(LE-Jet is not verified on above model)
740 GLE 89 B230F LH-2.4 Engine Harness 1398777.
740 GLE 89 B230F Regina EFI Engine Harness 1398167.    
740 GLE 89 B230F L-fender harness 1398060.  No newer fender harnesses were made.
740 GLE 90 B230F
Engine Harness 1363626 or 1363628 (with Regina EFI Alt-1). 3544342 (with Regina EFI Alt-2).
740 GLE 90 B200E, B230E LE-Jet Engine Harness (EUROPEAN) 1398778 (with manual transmission)
(LE-Jet is not verified on above model)
740 GLE 90 B200E, B230E LE-Jet Engine Harness (EUROPEAN) 1398779 (with auto transmission)
(LE-Jet is not verified on above model)
740 GLE 91 B230F Regina EFI Engine Harness 3523378.
740 GLE 91 B230F LH-2.4 Engine Harness 3523377.
740 GLE 91 B200E, B230E LE-Jet Engine Harness (EUROPEAN) 3523375 (with manual transmission)
(LE-Jet is not verified on above model)
740 GLE 91 B200E, B230E LE-Jet Engine Harness (EUROPEAN) 3523376 (with auto transmission)
(LE-Jet is not verified on above model)
740 GLE 92 B230F LH-2.4 Engine Harness 3523973.
740 GLE non-turbo 4 cyl, 16 Valve
740 GLE 16Valve 89 B234F Engine Harness 3523151.
740 GLE 16Valve 90 B234F Engine Harness 3515139
740 GLE 16Valve 90 B234F R-fender harness (1398711 old) new 3523098.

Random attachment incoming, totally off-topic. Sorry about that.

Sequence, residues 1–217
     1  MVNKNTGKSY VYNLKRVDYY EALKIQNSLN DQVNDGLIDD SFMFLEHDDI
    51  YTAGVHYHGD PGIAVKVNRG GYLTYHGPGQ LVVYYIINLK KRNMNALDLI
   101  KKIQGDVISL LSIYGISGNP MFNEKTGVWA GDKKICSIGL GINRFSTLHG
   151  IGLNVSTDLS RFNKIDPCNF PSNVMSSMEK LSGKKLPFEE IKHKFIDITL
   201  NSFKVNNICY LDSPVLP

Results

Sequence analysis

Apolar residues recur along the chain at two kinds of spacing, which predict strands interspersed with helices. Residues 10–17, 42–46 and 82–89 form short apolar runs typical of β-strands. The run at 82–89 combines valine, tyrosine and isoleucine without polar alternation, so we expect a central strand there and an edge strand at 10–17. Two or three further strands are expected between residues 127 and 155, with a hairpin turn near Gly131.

740 GLE 16Valve 90 B234F L-fender harness 1398206. (newer PN unknown)
740 GLE 16Valve 91 B234F Engine Harness 3523381
960 6 cyl 24 Valve
960 92
Engine Harness 9130023 or 9130429 (with EGR).  
960 92-94
Engine Harness (6849711 old, 6849712 old), newer 9130022 or 9130428 or 9128642 (no EGR).

What's the Story on Volvo Harnesses?
Beginning in the 1990's, in my spare time, I began searching salvage yards for USED, but still EXCELLENT Volvo main engine wire harnesses for 1980 to 1987 Volvo 200 and 700 models (and a few other years on occasion).  The original harnesses in the 1980-1987 Volvos were made with a defective plastic insulation that badly deteriorated after exposure to engine heat.  These harnesses would soon fail and the owners of these cars were then forced to have them replaced.  A few were fortunate and the defect occurred during the vehicle warranty period (I have only heard from ONE owner over the years who had one covered under warranty).